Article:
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3 Standalone Comics Featuring Queer Women (and Happy Endings!)

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Laura Sackton

Senior Contributor

Laura Sackton is a queer book nerd and freelance writer, known on the internet for loving winter, despising summer, and going overboard with extravagant baking projects. In addition to her work at Book Riot, she reviews for BookPage and AudioFile, and writes a weekly newsletter, Books & Bakes, celebrating queer lit and tasty treats. You can catch her on Instagram shouting about the queer books she loves and sharing photos of the walks she takes in the hills of Western Mass (while listening to audiobooks, of course).

I’m relatively new to comics, and I came to them via Saga, which is about as close to a mainstream comic as I’ve gotten so far. The comics I read are mostly indie and non-superhero and plenty of them are written by women and folks of color.

So my understanding of representation in comics is a bit warped—I’m used to queer characters rocking it and kick-ass women running the show. Even still, no matter how much I love SagaPhoebe and Her Unicorn and Bitch Planet, sometimes all I want is a simple, standalone story with queer protagonists and a happy ending.

When the world is a trash heap and I have to take a breath before I process any more news, when I’m feeling burnt-out and frustrated, nothing is as comforting as curling up with a great comic—a story without cliffhangers and unsolved mysteries at the end, staring queer women who get the happy damn ending they deserve.

So for all those times when you just need some kick-ass queer comic love, here are three standalone comics you’ll be sure to adore.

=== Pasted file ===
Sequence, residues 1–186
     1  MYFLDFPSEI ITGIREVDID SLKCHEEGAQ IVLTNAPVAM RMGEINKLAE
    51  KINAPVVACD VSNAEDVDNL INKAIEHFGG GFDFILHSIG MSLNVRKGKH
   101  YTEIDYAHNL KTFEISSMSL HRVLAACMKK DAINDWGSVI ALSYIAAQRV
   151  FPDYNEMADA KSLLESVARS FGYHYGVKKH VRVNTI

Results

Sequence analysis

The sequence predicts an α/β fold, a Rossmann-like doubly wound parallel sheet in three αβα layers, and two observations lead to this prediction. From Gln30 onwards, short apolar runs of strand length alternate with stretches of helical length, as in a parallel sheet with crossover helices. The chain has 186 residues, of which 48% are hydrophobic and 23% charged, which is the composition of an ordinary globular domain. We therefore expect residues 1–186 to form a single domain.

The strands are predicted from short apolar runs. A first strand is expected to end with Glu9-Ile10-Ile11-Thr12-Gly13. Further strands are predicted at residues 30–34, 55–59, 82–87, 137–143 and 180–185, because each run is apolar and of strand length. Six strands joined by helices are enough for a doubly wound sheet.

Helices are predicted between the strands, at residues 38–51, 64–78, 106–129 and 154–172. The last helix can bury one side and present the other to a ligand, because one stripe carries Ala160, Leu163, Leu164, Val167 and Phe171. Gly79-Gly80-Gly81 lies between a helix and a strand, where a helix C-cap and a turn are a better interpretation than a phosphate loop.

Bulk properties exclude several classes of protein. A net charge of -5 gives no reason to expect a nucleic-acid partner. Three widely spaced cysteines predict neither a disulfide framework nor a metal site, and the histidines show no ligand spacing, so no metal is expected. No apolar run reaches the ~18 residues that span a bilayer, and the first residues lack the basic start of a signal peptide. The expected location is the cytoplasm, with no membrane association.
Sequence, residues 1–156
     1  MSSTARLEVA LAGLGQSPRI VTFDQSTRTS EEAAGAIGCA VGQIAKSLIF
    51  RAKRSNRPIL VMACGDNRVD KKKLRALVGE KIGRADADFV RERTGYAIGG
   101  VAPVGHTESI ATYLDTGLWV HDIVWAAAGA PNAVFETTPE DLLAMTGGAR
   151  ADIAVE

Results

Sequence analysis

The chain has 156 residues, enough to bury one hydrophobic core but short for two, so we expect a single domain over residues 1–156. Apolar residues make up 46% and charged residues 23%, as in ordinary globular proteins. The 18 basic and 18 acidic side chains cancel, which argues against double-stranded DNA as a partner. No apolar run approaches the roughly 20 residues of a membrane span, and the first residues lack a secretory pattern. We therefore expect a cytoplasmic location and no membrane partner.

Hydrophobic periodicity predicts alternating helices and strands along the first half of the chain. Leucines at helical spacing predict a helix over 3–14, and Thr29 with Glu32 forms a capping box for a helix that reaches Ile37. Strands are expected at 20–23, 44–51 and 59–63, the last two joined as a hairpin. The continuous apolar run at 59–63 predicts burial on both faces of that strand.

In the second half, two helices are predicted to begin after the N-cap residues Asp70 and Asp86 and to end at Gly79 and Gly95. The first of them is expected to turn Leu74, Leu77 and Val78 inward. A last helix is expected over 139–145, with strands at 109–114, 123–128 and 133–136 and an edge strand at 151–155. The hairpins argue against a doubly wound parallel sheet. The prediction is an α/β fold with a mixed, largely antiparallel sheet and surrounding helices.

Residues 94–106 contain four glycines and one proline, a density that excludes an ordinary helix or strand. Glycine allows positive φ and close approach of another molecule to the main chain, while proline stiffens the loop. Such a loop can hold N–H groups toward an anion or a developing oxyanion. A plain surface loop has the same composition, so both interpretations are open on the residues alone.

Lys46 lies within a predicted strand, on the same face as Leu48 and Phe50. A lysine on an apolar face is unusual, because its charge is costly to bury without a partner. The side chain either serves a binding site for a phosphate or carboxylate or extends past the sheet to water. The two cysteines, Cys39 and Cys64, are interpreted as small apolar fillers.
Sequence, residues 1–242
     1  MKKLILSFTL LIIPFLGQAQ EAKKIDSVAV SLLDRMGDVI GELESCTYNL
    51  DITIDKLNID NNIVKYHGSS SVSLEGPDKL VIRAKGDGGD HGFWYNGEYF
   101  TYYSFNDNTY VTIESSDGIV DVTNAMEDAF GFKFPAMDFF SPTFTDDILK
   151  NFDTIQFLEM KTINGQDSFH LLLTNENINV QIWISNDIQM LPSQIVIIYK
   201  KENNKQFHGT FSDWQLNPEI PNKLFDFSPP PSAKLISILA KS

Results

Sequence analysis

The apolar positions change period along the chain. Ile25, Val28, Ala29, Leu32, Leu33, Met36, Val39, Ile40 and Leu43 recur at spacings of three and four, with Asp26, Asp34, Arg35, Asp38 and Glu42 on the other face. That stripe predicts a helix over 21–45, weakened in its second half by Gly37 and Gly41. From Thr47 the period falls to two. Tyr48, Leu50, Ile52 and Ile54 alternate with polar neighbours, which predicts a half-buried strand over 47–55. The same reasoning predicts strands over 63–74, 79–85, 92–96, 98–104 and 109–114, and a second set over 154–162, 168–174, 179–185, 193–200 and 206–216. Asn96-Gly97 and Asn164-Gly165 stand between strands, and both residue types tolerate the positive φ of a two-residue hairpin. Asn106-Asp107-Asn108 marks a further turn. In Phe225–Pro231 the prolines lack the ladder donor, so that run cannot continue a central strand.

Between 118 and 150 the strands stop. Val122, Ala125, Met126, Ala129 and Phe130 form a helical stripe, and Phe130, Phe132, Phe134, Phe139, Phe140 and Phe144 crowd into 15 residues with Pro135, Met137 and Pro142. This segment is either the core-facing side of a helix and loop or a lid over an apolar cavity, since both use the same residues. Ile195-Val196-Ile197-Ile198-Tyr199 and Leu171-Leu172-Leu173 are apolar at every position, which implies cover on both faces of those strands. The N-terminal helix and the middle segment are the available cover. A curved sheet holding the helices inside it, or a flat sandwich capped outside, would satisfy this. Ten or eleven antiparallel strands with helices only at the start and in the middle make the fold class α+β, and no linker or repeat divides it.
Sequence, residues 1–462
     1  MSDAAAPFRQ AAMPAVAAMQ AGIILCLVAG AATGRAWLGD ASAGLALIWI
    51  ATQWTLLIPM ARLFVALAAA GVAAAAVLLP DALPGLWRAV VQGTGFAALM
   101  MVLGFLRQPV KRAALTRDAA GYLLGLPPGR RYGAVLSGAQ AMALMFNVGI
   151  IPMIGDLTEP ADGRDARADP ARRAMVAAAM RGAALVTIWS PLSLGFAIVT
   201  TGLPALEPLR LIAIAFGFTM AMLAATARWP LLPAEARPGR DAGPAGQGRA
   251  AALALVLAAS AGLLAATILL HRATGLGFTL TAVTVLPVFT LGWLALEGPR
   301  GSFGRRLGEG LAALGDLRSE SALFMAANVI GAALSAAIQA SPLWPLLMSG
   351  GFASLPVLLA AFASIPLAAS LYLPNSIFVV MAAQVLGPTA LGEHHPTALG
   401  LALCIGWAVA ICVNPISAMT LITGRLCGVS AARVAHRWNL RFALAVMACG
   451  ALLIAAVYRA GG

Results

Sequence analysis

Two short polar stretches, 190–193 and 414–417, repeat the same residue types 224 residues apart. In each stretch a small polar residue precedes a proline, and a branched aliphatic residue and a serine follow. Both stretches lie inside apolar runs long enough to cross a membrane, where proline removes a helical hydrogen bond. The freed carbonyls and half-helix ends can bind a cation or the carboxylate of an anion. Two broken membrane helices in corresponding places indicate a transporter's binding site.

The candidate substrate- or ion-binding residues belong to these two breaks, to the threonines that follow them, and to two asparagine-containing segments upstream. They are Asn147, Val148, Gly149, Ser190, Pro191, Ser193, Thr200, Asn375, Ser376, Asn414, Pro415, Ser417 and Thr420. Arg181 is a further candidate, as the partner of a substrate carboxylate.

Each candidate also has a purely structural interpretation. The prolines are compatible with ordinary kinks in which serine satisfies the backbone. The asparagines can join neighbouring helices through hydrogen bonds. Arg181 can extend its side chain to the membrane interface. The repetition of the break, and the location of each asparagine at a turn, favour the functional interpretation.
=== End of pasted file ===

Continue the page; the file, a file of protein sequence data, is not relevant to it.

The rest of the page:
Bingo Love by Tee Franklin and jenn st-onge (image, February 14)

This is a sweet, honest, and life-affirming story of black queer grandmothers falling in love. Two women meet as teenagers in the sixties, but circumstance and homophobia keep them apart—until they find each other, by chance, years later. The art is gorgeous and the story is a tender and lovely exploration of finding love at any age, family, and what it means to get a second chance. If you’re looking for a book that deals honestly but beautifully with love after age 65, this one’s for you. I just wanted to fall into the pages and stay there for a while.

Sugar town by Hazel newlevant

Sugar Town is the queer, poly, kinky comic of my dreams. Hazel, a young bi woman, is home visiting her family in Portland when she meets Argent at a local bar. The story that follows is a quiet, kind, and undramatic love story. It is full of tenderness, and explores the many varied ways we can love and take care of each other. The artwork is just a delight.


On a Sunbeam On A Sunbeam by Tillie Waldenby Tillie walden (first second, october 2)

Originally a webcomic, On A Sunbeam is coming out in print this fall, but you can read it for free online right now. It’s a science fiction space adventure in a universe full of fascinating planets, boarding schools on spaceships, and ships shaped like fish. The story follows Mia through two important times in her life: her high school days and her relationship with fellow student Grace, and her first job post-graduation, traveling the universe renovating old buildings with a crew of queer and trans folks. There’s mystery, romance, queer family, and badass women—what more could you want? Stunning, magical, luminous artwork, that’s what. Never fear: the art in this comic is unlike anything I’ve ever seen. It’s just breathtaking.